Since he was a young boy, Tsuyoshi Tamagushiku had routinely visited the Mumujana tombs to pay his respects to the royalty of the former Ryukyu Kingdom, now known as Japan's Okinawa Prefecture.
Tamagushiku, a direct descendent of Ryukyuan royalty, told DW that he was later shocked to learn that his ancestors' remains had not actually been kept in the tombs, but were rather stored in boxes at Kyoto University for over 90 years.
The Ryukyu Kingdom was once an independent nation, but was incorporated into Japan as Okinawa Prefecture in 1872.
Tamagushiku has now launched a legal campaign to have the remains of the Ryukyuan royal family returned to the tombs, which are in the village of Nakijin.
He and his fellow plaintiffs hope that the recent trend of museums and universities repatriating looted cultural artifacts will be sufficient pressure to spur one of the most prestigious universities in Japan to follow suit.
"I only discovered that my ancestors' bones are not in the tomb four years ago, and that they had been taken by scientists from what was then Kyoto Imperial University in 1929," Tamagushiku said. "Very few people realized it at the time, as they did not consult with the descendants of the kings or local people, but only got permission from the prefectural authorities and the local police."
Several sets of human remains
According to Ryukyuan custom, the bones were simply placed in the tomb, rather than being buried, and the scientists only had to gather the remains and reseal the tomb behind them, said Tamagushiku.
In all, the remains of 64 individuals were taken, some dating back around 600 years.
"We have started a lawsuit against the university demanding that they return the remains of my ancestors, but so far the university has failed to communicate with us," he said. "My biggest fear is that the bones have been the subject of scientific tests and examinations, and that makes my heart ache."
"Kyoto University sees the bones as merely objects that are to be studied, but even today the Ryukyuan people pay their respects at the Mumujana tombs, so this is a matter of concern for all of the people of Okinawa."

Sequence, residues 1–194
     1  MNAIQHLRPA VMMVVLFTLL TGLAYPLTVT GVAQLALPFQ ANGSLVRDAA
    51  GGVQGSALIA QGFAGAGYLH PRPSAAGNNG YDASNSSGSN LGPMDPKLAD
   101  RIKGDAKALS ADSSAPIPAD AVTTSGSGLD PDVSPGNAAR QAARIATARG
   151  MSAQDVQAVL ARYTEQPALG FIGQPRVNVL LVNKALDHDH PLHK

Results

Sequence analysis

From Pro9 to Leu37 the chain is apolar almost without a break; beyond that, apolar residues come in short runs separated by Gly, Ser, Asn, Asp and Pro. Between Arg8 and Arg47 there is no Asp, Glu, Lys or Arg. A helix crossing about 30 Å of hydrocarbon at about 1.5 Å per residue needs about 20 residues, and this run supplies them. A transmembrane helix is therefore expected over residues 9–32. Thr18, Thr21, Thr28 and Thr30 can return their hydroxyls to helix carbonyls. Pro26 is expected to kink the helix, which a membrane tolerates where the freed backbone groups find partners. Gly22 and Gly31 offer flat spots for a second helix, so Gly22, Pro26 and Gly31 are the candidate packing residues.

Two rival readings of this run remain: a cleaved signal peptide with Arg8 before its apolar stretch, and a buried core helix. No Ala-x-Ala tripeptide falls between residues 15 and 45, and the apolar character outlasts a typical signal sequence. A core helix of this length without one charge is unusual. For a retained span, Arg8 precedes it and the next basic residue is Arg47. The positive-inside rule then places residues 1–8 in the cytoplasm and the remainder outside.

Tamagushiku is one of five plaintiffs who brought a case against the university in December 2018. Hearings have taken place at the Kyoto District Court and the plaintiffs hope that a ruling will be announced before the end of the year.
Taking remains is 'organized crime'
Yasukatsu Matsushima, a professor at Ryukyu University and the lead plaintiff in the case, told DW that Kyoto University professors took additional remains from other parts of Okinawa, as well as remains belonging to what are now parts of China, the Koreas and Taiwan. In total, the university is believed to have the remains of more than 1,400 individuals in its collection.
"The taking of the remains of our ancestors is essentially an organized crime carried out by the university, that was only made possible through the annexation and colonization of the Kingdom of Ryukyu," said Matsushima.
A request for information on the collection and the studies that have been carried out on the remains was rebuffed, while a follow-up inquiry made by an Okinawan politician led to the release of deeply worrying information, he said.
The university said it only had documentation for about 751 bodies, and that the remains were stored in plastic boxes, he added.
Bones must be returned 'under international law'
"Under international and domestic law, these remains must be returned," said Matsushima. "Japanese imperialism and colonialism are the root cause behind this problem. This is racial discrimination against the Ryukyuan people and we will continue our fight through the courts."
Kyoto University officials declined to comment on the case, when contacted by DW.
Matsushima said the case is bolstered by the 2007 UN Declaration on the Rights of Indigenous Peoples, which in part states that the plaintiffs "have the right to the repatriation of their human remains."
He is encouraged by similar cases elsewhere, with the US government passing the North American Graves Protection and Repatriation Act in 1990, and the British government approving the return of human remains held in British museums, in 2005.
In late April, the German government reached an agreement with authorities in Nigeria to return hundreds of artifacts known as the Benin Bronzes. The items had been looted by British colonial expeditions before being sold to collections around the world. Experts say, however, that attitudes have started to change.
"Museums are obviously very reluctant to return items from their collections, as that could lead to more claims from other people about other artifacts, but things have certainly changed in recent years and more of these looted items are being returned," said Robert Dujarric, co-director of the Institute of Contemporary Asian Studies at the Tokyo campus of Temple University.
Concerns over disputes with Korea, China
The government and courts may decide this is a purely domestic issue, which could add legal complexity, Dujarric told DW.
Tokyo is also likely to be concerned that the case will catch the attention of some of Japan's former colonies and lead to demands for the repatriation of remains to the Koreas and China.
Governments in those countries often use Japan's imperial history to score geopolitical points, and Tokyo will be very keen to avoid a protracted argument over the ownership of remains that were looted from the countries more than a century ago, he said.
As for Tamagushiku, he said he is determined to see his ancestors' remains returned by the university.
"I am extremely angry and I feel empty inside," he said. "I stood in front of that tomb and prayed to my ancestors countless times, but their remains had already been stolen for research. I want the university to know that those are human remains, not objects. I want my ancestors to be returned and permitted to rest in peace in the tombs."